U.S. Pat. No. 4,084,686 of Calhoun discloses a device for metering the flow of containers along a path, and for interrupting the flow in the case of, for example, a machine jam. The system of Calhoun includes a rotating star wheel having concave peripheral slots for receiving articles. As the articles move along their path of travel, they are received in respective slots of the star wheel, which carries the bottles around its perimeter toward the downstream end of the path. In the case of a machine jam, the star wheel is progressively braked by a torque motor to prevent a backup of bottles and to provide a continuous uninterrupted supply of bottles when the machine is restarted.

U.S. Pat. No. 5,161,664 of LeBras discloses an infeed grouping mechanism for a packaging machine. In this mechanism, articles to be grouped, such as bottles, are conveyed in a sequential linear array to a grouping mechanism. The grouping mechanism comprises an endless chain conveyor to which is attached an array of arcuate spacer elements. As the spacer elements round their endless chains at the upstream end of the path of travel, the spacer elements contact the sides of bottles moving along the path. A cam follower mechanism shifts a predetermined number of the spacer elements, and the associated bottles forwardly by a predetermined amount. This forms a group of bottles corresponding to the number of spacer elements that are shifted by the cam and cam follower mechanism. The groups are then conveyed on to downstream packaging stations of the packaging machine.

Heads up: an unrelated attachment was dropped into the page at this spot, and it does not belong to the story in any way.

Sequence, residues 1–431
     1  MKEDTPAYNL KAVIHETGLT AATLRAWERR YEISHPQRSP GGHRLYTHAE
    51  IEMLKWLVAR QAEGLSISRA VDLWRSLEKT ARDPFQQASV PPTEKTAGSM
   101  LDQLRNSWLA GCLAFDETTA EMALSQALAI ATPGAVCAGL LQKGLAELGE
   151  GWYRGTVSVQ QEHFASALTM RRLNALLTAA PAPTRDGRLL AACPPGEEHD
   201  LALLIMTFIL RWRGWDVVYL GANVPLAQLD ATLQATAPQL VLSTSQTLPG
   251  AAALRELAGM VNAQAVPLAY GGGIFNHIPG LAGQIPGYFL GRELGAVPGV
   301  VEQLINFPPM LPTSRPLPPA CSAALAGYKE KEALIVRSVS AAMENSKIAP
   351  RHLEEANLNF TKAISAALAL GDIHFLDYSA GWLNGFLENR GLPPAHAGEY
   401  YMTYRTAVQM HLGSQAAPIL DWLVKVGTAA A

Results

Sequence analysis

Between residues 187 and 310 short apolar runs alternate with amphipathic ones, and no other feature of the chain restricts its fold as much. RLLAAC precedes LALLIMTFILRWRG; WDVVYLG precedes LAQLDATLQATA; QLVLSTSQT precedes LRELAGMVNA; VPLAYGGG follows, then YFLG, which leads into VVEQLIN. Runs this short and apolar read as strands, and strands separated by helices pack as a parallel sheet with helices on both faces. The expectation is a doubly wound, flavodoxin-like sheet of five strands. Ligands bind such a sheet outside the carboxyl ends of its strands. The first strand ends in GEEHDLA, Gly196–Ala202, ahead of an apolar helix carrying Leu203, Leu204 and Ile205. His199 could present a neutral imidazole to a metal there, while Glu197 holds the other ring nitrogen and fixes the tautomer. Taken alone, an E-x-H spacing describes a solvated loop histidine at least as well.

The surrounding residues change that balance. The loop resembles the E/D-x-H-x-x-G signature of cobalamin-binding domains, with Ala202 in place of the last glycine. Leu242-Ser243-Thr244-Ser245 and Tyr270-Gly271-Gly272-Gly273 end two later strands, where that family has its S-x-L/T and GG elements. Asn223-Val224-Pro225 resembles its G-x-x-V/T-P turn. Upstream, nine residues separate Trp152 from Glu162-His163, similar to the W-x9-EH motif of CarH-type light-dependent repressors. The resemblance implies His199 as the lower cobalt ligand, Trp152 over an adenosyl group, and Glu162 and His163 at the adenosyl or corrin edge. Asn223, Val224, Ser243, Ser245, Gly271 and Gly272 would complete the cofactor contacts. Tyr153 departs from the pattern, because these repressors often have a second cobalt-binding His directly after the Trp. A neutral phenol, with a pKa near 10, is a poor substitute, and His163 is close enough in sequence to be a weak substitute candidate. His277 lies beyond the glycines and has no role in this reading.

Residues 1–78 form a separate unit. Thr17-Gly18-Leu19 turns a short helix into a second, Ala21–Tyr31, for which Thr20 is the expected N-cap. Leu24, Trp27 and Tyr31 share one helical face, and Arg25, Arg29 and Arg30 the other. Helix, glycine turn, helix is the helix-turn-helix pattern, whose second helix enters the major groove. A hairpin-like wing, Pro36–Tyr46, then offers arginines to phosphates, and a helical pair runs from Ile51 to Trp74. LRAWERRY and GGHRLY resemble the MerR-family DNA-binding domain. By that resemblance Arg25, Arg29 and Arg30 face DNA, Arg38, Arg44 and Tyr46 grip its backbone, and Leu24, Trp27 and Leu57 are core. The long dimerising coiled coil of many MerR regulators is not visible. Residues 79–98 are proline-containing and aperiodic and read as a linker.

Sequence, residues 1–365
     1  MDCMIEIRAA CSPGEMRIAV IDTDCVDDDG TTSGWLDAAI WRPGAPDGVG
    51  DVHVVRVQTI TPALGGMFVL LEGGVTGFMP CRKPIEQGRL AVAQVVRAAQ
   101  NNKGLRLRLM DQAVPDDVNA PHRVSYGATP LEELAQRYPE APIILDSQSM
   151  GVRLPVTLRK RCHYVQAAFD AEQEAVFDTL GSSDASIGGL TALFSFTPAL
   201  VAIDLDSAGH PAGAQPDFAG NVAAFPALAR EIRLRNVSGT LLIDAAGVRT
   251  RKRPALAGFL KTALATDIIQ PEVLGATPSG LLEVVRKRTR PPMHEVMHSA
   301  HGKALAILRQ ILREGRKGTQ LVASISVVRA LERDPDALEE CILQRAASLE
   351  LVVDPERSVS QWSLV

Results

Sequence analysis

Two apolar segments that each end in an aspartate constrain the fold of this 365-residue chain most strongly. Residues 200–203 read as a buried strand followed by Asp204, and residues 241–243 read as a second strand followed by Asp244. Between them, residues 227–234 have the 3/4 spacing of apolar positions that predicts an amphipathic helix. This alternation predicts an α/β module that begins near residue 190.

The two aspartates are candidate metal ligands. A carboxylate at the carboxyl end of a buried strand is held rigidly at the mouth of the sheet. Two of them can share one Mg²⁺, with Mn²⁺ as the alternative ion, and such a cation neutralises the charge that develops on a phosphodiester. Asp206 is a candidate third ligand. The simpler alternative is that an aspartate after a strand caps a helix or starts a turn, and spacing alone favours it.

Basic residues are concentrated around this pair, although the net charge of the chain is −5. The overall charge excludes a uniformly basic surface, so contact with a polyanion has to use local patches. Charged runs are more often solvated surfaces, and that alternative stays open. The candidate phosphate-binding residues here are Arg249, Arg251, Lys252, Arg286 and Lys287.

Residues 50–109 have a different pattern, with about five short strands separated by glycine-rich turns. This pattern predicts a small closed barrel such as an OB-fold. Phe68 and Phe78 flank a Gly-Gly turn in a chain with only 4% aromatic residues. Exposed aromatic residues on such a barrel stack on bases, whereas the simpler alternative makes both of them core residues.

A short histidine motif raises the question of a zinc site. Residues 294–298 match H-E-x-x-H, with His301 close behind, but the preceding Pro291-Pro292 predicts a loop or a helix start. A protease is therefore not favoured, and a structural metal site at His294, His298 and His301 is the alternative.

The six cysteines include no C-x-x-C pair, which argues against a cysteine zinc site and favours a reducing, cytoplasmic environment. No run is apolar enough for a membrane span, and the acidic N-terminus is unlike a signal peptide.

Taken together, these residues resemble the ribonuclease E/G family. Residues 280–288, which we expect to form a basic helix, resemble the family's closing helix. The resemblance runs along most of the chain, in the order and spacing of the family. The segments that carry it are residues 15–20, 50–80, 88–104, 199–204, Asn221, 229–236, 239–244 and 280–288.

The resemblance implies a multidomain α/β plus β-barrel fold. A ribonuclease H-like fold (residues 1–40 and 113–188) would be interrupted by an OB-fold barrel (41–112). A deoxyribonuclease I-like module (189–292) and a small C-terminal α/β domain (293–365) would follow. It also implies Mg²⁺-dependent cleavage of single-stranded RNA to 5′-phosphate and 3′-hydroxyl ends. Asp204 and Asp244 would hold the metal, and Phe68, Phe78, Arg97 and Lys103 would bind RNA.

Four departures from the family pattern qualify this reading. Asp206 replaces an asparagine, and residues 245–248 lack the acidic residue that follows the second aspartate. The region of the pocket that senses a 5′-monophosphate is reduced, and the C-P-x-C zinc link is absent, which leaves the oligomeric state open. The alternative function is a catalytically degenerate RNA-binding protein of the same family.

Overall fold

U.S. Pat. No. 4,552,261 of Raudat et al. discloses an article grouping device for a packaging machine comprising two chain conveyor systems mounted beneath the path of travel of articles through the packaging machine. The chain conveyor systems have two sets of grouper pins mounted on flight bars at a predetermined pitch so that the pins move upwardly between articles as the articles are fed through a common upper run of the chain conveyors. One chain conveyor is driven at a speed that varies sinusoidally, and is synchronized with the speed of the articles. The other chain conveyor is driven through a differential so that its pins move at a speed that varies oppositely to the first chain conveyor. In this way, preselected numbers of articles moving along the path are separated and arranged into groups for subsequent packaging at downstream stations of the packaging machine.